Be prepared for transposition
The whistleblower directive proposal was adopted by the European Parliament 16 April in the first reading face. Now the only thing left is the final rubber-stamping and publication of the proposal in the Official Journal of the EU. Once that is done and dusted we will be moving to the next face: transposition of the directive. Trade unions have the opportunity to influence how the directive will play out on national level.
There are four major issues for trade unions to fix during the two-year transposition period:
1. Fix trade union rights
- The right to be represented by a trade union must be included.
2. Fix the scope
- Workers rights, discrimination and occupational health and safety must be give right to protection when reporting. Or even better: cover breaches in all areas by a horizontal protection.
- Make sure to include national legislation, not only EU law.
3. Fix the internal reporting
- Reporting internally to a line manager, supervisor, or the HR-department must grant protection and not only using the
dedicated internal reporting channel. This is not clear enough in the directive.
4. Fix the criminal-offence trap
- National law determines if reporting persons are liable for “selfstanding criminal offences”. It must be safe to use documents at the work-place for a report without risking criminal liability.
Who are protected by the directive?
The directive protects persons who report in a work-related context in both the private and public sector. The list of who are protected is open but includes more than employees, such as for example self-employed, unpaid volunteers, shareholders and subcontractors. Protection is granted also when in a recruiting process for a new job or after a job has ended. Third persons, such as relatives and colleagues and ‘facilitators’ who give confidential assistance to the whistleblower are protected as well.
What can you blow the whistle on and be protected?
The reporting person must have reasonable grounds to believe that the information reported was true at the time of reporting and that the information falls within the scope of the Directive.
The scope includes breaches in public procurement, financial services, prevention of money laundering and terrorist financing, product safety, transport safety, protection of the environment, radiation protection and nuclear safety, food and feed safety, animal health and welfare, public health, consumer protection, protection of privacy and personal data and security of network and information systems, protection of the financial interests of the Union, breaches of internal market rules, including competition and State aid rules and corporate taxation.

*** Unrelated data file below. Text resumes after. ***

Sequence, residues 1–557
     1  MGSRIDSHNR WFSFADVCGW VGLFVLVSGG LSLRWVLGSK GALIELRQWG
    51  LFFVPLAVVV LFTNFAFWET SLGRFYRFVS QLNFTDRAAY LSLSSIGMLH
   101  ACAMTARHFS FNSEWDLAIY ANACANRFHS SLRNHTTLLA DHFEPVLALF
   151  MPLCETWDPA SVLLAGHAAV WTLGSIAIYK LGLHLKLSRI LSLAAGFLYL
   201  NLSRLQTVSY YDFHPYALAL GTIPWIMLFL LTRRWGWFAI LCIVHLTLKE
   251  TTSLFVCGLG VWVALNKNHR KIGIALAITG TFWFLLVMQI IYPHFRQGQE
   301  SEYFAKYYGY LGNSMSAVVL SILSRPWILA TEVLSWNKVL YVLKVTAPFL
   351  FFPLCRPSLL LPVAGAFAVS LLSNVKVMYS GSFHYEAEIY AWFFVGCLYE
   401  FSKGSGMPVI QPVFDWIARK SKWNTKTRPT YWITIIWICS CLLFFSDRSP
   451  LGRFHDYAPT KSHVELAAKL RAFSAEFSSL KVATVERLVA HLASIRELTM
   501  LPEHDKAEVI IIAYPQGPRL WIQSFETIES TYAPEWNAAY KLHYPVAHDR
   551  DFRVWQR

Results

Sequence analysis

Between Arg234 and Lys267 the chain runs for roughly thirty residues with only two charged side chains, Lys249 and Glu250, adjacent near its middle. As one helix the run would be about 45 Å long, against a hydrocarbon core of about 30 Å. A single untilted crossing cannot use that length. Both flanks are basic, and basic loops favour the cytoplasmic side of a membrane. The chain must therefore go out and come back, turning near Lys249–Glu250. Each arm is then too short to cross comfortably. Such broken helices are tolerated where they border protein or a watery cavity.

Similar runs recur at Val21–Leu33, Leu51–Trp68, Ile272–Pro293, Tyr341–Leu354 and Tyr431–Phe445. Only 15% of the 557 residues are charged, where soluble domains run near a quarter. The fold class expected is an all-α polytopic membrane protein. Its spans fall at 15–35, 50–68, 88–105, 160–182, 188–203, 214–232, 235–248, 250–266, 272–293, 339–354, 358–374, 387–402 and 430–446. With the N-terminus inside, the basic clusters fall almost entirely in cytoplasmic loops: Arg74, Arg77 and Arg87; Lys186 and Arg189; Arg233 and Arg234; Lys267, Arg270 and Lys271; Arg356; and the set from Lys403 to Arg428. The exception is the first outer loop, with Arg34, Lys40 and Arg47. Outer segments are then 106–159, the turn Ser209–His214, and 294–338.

Not only unlawful acts are included in the scope but also acts and omissions that go against the objective of a Union law.
In an open letter to the European Council, Commission and Parliament seven well-known European whistleblowers speak out for changing the directive and removing barriers for safe reporting.
The EU Whistleblowing Directive is an idea whose time has come. New whistleblower protection laws in Ireland, France and the Netherlands showed consensus was building among EU Member States on the need to protect and enable workers to speak up about wrongdoing in the workplace.
The directive must be changed to that whistleblowers can report not only a special internal whistleblowing channel, but also to managers or law enforcement.
In an open letter 81 signing organisations urge the EU Council to adopt the Parliament’s position on reporting channels. The whistleblower protection directive is currently in trilogue. The signatories express serious concerns about the reporting channels regime in the Council and Commission positions in these negotiations.
A few weeks left to improve the whistleblower protection directive. Make your voice heard and sign the new petition for strong whistleblower protection!
The Romanian Presidency will play a key role is securing a robust whistleblower protection Directive, argues R. Nicolae, of Syene. He believes that Romania has a number of strengths which will support it leading the negotiations, as the whistleblower protection file moves from the Council to trilogue.
According to the Legal Counsel of the Danske Bank Whistleblower, S. Kohn, the Howard Wilkinson case clearly demonstrates that the EU Whistleblower Directive urgently needs to be revised to protect the right to report directly to law enforcement agencies and regulatory authorities.
The Duty Speech Loophole: how the EU Whistleblower Directive could backfire against its own objectives
Tom Devine, Legal Director of GAP explains why a series of technical contradictions within the EU draft directive need to be resolved, or the legislation could backfire and actually work against whistleblowers.
Council legal opinion must not be used to delay completion of whistleblower protection legislation
/ Blog The European Council must ensure EU delivers on its promise to whistleblowers The European Council has a responsibility to protect…